Total Pageviews

Thursday, 14 November 2019

My identity (2): "You're aimless"

In my long phone conversations with a Possibly Maybe, she claimed that I was "aimless". I do not consider myself as being aimless. Hence, that remark might be an example of reverse psychology and projection onto others (my blogs). Nevertheless, I doubt it is. Occasionally, I do indeed wonder whether I should be doing more than just my daily writing.

I replied to her that my aim is helping others. In my view, that is the sole purpose of any lifeform (eg, my blogs on ants vs humans). In her view, my aim was not specific enough. She asked me what my writing specifically represents. I told her that her question is insignificant and irrelevant because my readers decide what my writing represents to them; not me.

Her questions may sound silly but are not. She has a doctoral degree in an extremely specialized field. It's fair to say that she is an European expert, who has published books and articles. The main difference is in our writing: while I write on a macro and often meta level, she writes on a micro but probably on a nano level. Still, our readers will decide about our relevance, not us.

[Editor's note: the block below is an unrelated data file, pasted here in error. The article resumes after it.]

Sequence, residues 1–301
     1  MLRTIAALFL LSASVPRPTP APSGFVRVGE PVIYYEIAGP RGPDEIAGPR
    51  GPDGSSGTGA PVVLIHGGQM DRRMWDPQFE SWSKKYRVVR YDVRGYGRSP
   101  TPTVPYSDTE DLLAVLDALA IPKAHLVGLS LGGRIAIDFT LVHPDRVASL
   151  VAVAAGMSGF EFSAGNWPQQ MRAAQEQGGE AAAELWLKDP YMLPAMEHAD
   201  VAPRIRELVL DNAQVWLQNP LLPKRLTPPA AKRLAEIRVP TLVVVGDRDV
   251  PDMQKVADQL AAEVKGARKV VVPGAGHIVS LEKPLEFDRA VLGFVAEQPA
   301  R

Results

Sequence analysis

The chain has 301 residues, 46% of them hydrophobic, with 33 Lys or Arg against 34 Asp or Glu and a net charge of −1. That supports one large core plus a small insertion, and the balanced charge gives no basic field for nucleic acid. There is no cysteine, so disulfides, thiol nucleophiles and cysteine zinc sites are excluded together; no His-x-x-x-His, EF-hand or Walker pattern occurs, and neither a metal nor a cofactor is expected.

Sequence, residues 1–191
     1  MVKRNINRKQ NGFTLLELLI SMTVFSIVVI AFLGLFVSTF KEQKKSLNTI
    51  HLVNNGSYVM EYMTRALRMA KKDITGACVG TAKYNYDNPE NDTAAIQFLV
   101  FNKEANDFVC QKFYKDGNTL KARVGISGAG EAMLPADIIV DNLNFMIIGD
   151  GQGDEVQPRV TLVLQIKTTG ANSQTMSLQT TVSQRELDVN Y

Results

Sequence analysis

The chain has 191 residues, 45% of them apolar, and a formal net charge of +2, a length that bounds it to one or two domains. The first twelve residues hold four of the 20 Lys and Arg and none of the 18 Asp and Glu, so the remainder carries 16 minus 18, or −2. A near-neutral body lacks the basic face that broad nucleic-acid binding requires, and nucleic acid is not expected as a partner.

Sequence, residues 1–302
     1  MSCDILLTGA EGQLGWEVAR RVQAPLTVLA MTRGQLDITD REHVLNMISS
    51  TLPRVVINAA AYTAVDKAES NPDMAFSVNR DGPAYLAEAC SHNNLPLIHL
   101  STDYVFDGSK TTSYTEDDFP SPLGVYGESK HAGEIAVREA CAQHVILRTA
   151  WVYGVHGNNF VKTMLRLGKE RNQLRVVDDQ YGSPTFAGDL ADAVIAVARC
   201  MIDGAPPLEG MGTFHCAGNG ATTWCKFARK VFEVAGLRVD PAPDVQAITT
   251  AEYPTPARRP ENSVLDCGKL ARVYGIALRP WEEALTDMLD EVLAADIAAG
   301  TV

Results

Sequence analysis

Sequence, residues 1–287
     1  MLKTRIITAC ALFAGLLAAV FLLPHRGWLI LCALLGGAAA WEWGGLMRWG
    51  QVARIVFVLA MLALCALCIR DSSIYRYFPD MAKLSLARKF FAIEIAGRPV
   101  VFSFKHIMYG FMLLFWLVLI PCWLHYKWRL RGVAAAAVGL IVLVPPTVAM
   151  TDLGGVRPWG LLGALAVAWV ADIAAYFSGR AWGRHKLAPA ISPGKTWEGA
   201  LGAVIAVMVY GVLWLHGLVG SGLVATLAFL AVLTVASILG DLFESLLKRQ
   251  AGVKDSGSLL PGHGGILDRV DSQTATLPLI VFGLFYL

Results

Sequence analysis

I asked a new friend whether she considered me as being without aim. She disagreed but added that lots of people will probably not understand my way of living. Not having a job is easily seen as being "aimless". I can relate to her remark. In 2013, I learned the hard way that having a job can be worse than not having a job. Before my burnout, I would have ridiculed that thought.

Early 2016, I wrote the following blog: The meaning of Life = living a meaningful life. In general, I view our aim-meaning-purpose as follows:
  • Children: playing (which equals learning);
  • Junior adults: working, reproduction, teaching and learning;
  • Senior adults: working, teaching and learning.

Learning, playing, teaching and working are fundamental tasks in human lives. Some people are better at working, while others are better at learning and/or teaching. Most of us will use playing (eg, computer games) in order to distract ourselves and regain new focus.

I am fortunate that I do not need to work. Moreover, not working is my choice. Nowadays, I have different priorities in life: learning and teaching. However, not working also requires a new focus. In 2014, I discovered a new talent: writing. This year, I suddenly remembered some childhood aims: becoming an archaeologist and writing a book. I was pleased to recognise that my aim is true.

Alison (My Aim Is True) - 1977 - by Elvis Costello

Alison, I know this world is killing you 
Oh, Alison, my aim is true


Note: all markings (bolditalicunderlining) by LO unless stated otherwise

No comments:

Post a comment